New Zealand’s beef exports may suddenly be in high demand from overseas markets, in the wake of the world’s largest beef exporter, Brazil, suspending its beef exports to its No. 1 customer, China, after confirming two cases of “atypical” mad cow disease in two separate domestic meat plants.
China and Hong Kong buy more than half of Brazil’s beef exports. NZ’s sales are relatively modest, by comparison, but reached 36% of our total beef exports last season.
The other big exporter to China, Argentina, in June decided to restrict exports, with the aim of boosting domestic supply. Argentinian beef exports are to be limited to 50% of the average monthly volume exported from July to December 2020.
Because Argentina was the fifth largest beef exporter in 2020 and the second largest supplier to China, its cut in export volumes has the potential to have a significant impact on global beef trade.
NZ producers who were reported to be heading into spring with some confidence could find prices — which were already strong — climbing even higher.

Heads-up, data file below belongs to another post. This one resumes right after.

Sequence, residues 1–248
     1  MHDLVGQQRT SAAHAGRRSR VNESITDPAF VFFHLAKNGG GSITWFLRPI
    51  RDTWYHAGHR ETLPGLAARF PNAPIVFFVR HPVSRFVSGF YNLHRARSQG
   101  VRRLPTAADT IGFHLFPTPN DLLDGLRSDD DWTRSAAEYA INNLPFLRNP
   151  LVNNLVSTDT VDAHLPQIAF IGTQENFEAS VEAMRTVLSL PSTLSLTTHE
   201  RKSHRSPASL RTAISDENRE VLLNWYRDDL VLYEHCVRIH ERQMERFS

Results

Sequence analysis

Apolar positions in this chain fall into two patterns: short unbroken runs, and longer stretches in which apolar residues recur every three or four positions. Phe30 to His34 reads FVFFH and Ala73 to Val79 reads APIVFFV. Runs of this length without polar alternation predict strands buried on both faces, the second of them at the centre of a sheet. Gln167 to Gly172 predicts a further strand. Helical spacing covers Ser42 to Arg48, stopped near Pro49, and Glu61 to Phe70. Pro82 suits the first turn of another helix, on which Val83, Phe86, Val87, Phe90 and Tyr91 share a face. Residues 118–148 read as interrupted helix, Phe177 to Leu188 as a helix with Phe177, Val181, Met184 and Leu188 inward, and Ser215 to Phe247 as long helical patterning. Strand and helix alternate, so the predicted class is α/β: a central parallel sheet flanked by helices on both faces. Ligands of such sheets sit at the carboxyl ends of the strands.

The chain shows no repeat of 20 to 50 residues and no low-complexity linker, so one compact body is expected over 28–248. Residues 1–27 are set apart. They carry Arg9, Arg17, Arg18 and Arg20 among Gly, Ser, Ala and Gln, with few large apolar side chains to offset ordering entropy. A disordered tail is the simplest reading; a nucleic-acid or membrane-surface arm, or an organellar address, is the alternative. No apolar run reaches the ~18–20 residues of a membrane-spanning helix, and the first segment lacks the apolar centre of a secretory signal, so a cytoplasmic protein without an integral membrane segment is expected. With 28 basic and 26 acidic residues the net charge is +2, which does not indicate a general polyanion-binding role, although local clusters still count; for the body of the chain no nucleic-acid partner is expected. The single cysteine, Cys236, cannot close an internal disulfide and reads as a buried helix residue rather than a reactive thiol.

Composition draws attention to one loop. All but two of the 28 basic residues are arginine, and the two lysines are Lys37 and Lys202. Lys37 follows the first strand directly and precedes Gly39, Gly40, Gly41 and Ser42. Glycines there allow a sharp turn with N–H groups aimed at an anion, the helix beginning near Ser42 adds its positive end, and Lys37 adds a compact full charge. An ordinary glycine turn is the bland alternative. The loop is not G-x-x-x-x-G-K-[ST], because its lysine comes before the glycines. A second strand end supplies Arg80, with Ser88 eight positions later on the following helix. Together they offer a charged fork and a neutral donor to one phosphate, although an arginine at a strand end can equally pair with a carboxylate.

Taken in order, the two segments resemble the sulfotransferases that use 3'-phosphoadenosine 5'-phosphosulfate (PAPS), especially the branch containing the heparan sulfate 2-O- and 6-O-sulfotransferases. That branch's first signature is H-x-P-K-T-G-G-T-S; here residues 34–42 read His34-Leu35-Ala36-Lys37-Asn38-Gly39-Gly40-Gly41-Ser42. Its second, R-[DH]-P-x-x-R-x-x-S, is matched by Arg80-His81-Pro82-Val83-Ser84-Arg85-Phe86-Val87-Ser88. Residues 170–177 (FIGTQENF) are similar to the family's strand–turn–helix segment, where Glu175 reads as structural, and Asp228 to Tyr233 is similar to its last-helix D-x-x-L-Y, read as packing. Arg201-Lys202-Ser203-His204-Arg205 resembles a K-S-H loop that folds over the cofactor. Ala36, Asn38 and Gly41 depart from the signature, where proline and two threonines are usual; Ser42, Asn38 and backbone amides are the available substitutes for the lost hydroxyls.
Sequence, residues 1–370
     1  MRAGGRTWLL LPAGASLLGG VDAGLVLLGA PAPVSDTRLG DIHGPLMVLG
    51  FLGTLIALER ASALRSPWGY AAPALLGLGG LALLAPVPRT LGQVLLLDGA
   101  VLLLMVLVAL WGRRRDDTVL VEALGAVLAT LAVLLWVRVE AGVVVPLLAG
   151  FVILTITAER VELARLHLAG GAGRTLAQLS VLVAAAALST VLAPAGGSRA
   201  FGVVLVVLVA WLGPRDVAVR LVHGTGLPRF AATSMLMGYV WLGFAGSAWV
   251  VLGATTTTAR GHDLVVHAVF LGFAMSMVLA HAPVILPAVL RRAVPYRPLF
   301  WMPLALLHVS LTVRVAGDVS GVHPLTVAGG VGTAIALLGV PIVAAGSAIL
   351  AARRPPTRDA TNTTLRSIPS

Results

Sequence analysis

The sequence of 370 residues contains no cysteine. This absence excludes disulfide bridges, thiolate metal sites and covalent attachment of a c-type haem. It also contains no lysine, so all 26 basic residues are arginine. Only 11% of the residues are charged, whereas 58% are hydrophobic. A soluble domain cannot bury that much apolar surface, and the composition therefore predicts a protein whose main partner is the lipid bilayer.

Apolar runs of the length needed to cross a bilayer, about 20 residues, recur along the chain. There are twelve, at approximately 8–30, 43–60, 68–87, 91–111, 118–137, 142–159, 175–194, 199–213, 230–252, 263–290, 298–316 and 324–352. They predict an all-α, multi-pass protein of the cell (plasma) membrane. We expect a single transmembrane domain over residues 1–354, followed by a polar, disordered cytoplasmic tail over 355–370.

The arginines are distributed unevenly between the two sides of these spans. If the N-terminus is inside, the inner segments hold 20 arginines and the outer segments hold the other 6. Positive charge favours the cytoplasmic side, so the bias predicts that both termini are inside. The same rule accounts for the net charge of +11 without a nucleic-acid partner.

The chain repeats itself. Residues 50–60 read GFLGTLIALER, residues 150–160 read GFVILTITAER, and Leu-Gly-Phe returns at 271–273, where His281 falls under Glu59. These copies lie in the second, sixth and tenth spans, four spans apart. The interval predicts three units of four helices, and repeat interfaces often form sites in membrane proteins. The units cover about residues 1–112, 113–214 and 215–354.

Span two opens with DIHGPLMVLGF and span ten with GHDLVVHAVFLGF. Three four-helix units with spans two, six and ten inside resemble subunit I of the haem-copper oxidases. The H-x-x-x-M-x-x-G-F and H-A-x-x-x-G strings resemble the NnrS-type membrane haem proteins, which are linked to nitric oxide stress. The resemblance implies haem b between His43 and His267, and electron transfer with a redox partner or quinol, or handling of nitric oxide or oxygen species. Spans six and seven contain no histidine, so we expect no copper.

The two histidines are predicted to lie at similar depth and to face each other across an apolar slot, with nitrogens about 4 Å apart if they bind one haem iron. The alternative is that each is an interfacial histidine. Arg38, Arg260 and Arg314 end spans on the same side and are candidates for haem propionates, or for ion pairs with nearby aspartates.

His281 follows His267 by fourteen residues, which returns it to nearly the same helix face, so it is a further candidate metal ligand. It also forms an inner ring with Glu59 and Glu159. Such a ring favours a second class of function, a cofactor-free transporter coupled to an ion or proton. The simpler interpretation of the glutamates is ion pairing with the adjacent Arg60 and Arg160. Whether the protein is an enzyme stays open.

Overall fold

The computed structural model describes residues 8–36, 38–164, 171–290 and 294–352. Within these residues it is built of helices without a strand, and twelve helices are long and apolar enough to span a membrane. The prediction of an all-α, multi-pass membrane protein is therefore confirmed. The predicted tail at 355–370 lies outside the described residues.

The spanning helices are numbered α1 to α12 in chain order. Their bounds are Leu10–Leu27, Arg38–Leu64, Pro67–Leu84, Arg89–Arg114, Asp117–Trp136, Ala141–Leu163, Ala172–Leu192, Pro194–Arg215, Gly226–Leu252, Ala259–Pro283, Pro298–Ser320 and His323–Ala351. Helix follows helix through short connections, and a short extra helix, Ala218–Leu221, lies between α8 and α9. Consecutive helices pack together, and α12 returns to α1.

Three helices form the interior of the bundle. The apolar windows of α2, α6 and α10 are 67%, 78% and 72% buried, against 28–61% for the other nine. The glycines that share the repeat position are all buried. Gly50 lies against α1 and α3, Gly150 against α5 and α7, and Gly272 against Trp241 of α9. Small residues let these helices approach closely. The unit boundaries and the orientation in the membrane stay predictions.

Rabobank, in a recent report, says pricing remained elevated over the past three months. This high pricing comes off the back of strong demand from China and suppressed beef export volumes from Australia,.
The report says Argentina’s restrictions will be reviewed at the end of this month.
Meanwhile China is facing its own problems through its poor job of curbing swine fever. With one of the world’s highest rates of pork consumption, China’s failure has wrought havoc in its domestic supplies, costing between $50bn and $120bn, according to the Asian Development Bank.
If China faces years-long disruption in pork supplies, as some reports suggest, , the outlook for beef producers, here and with other exporters, should shine even more brightly.